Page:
If you haven’t been following along with Conway’s Game of Life, it’s come a long way from the mathematical puzzle published in Scientific American in 1970. Over the years, mathematicians have discovered a wide array of constructs that operate within Life’s rules, including many that can be leveraged to perform programming functions — logic gates, latches, multiplexers, and so on. Some of these creations have gotten rather huge and complicated, at least in terms of Life cells. For instance, the OTCA metapixel is comprised of 64,691 cells and has the ability to mimic any cellular automata found in Life.
A group of hackers has used OTCA metapixels to create a Tetris game out of Life elements. The game features all 7 shapes as well as the the movement, rotation, and drops one would expect. You can even preview the next piece. The game is the creation of many people who worked on individual parts of the larger program. They built a RISC computer out of Game of Life elements, as well as am assembler and compiler for it, with the OTCA metapixels doing the heavy lifting. (The image at the top of the post is the program’s data synchronizer.
Check out the project’s source code on GitHub, and use this interpreter. Set the RAM to 3-32 and hit run.
For a couple of other examples of Life creations, check out the Game of Life clock and music synthesized from Life automata we published earlier.
[Matthews] needed a good present to give to his brother-in-law, who just so happens to be a mathematician and programmer. He wanted something functional but equally geeky at the same time, so he decided to try his hand at making a Game of Life style clock.
He was originally inspired by a Game of Life Clock we shared a few months ago, but with a few improvements. First, he wanted a much bigger playing field, so he found a 16×32 RGB LED matrix. Second, he wanted the time to always be visible so it actually works as a functional clock.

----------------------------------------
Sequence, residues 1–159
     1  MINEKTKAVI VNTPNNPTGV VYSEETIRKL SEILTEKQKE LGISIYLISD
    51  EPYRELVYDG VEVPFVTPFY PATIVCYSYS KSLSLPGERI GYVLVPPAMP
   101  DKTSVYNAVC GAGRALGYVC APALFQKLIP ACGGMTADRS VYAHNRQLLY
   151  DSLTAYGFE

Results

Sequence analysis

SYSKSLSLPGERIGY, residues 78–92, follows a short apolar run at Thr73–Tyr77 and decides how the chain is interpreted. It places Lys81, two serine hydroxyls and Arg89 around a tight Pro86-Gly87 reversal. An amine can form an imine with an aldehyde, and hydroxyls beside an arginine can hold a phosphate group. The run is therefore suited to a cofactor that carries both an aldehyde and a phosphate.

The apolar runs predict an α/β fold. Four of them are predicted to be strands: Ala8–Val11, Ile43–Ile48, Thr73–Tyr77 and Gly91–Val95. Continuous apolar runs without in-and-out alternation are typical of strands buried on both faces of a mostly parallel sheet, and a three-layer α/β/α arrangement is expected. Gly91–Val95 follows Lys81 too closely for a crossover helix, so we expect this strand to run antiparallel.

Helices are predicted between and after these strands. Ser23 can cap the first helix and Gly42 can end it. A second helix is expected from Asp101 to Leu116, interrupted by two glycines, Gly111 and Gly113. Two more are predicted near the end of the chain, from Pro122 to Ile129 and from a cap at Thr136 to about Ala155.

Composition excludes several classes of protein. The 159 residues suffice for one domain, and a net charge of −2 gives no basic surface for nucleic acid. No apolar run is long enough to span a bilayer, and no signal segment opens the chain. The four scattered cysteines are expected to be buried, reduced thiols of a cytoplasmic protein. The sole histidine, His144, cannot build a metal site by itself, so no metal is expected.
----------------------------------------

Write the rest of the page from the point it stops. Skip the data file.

At the heart of the device is an Arduino UNO which utilizes a Chronodot RTC module for accurate time keeping. The entire clock is encased in acrylic sheets and it looks extremely good for a home-made project. He designed the case using a site called MakerCase, which is a super handy application for designing boxes.
At the beginning of every minute starts a new Game of Life which plays over top of the time displayed. Three buttons on the top allow for many adjustments including brightness, timezone, speed, colors, and even edge behavior! To see it in action, stick around after the break.
Continue reading “Extremely Slick Game Of Life Based Clock”
[Alex] wanted to make an LED clock. But simply making an LED array clock was far too easy — so he decided to make it follow some interesting rules…
Ever heard of John Conway’s Game of Life? It’s quite simple — there are four rules.
- Any live cell with fewer than two live neighbours dies, as if caused by under-population.
- Any live cell with two or three live neighbours lives on to the next generation.
- Any live cell with more than three live neighbours dies, as if by overcrowding.
- Any dead cell with exactly three live neighbours becomes a live cell, as if by reproduction.
So [Alex] decided to make his clock LED matrix follow these rules, with lit pixels representing life. Every minute, on the minute, the time is displayed. But as soon as it is displayed, the rules take over, and the display disintegrates, following the rules of the Game of Life. It makes for an very interesting display that’s just waiting to be scaled up to a larger size!
He’s done a great job writing it up on his blog, and has included his code as well — so if you’re so inclined, take a look! If not, stick around after the break to see the clock in action.
Continue reading “Game Of Life Clock”
We see a lot of projects related to Conway’s Game of Life, but this one is Hasbro’s Game of Life. The board game company recently commissioned a giant game spinner as part of a museum exhibit. Here’s the build log that shows how it was pulled off.
The first thing to note is that [Jzzsxm] does this for a living. His company was hired to build several exhibits related to board games for a children’s museum in Springfield, MA. But don’t let that stop you from offering to help at your own local museum. We know some hackers love doing that kind of work.
The scale of the project is what makes the build really interesting. It starts with a design which can be cut out with a CNC router. First the spinner frame and numbers are cut out of MDF to verify the code. From there the design is cut in two pieces out of HI-MACS, a durable solid-surface material. Pegs for spinning the dial are milled from more HI-MACS stock. The clicker mechanism uses a steel rod as a pivot point. On the underside of the table it has opposing springs to hold it in place no matter which way the thing is spun. [Jzzsxm] mentions that it sees a lot of abuse from the young patrons, but seems to be holding up just great!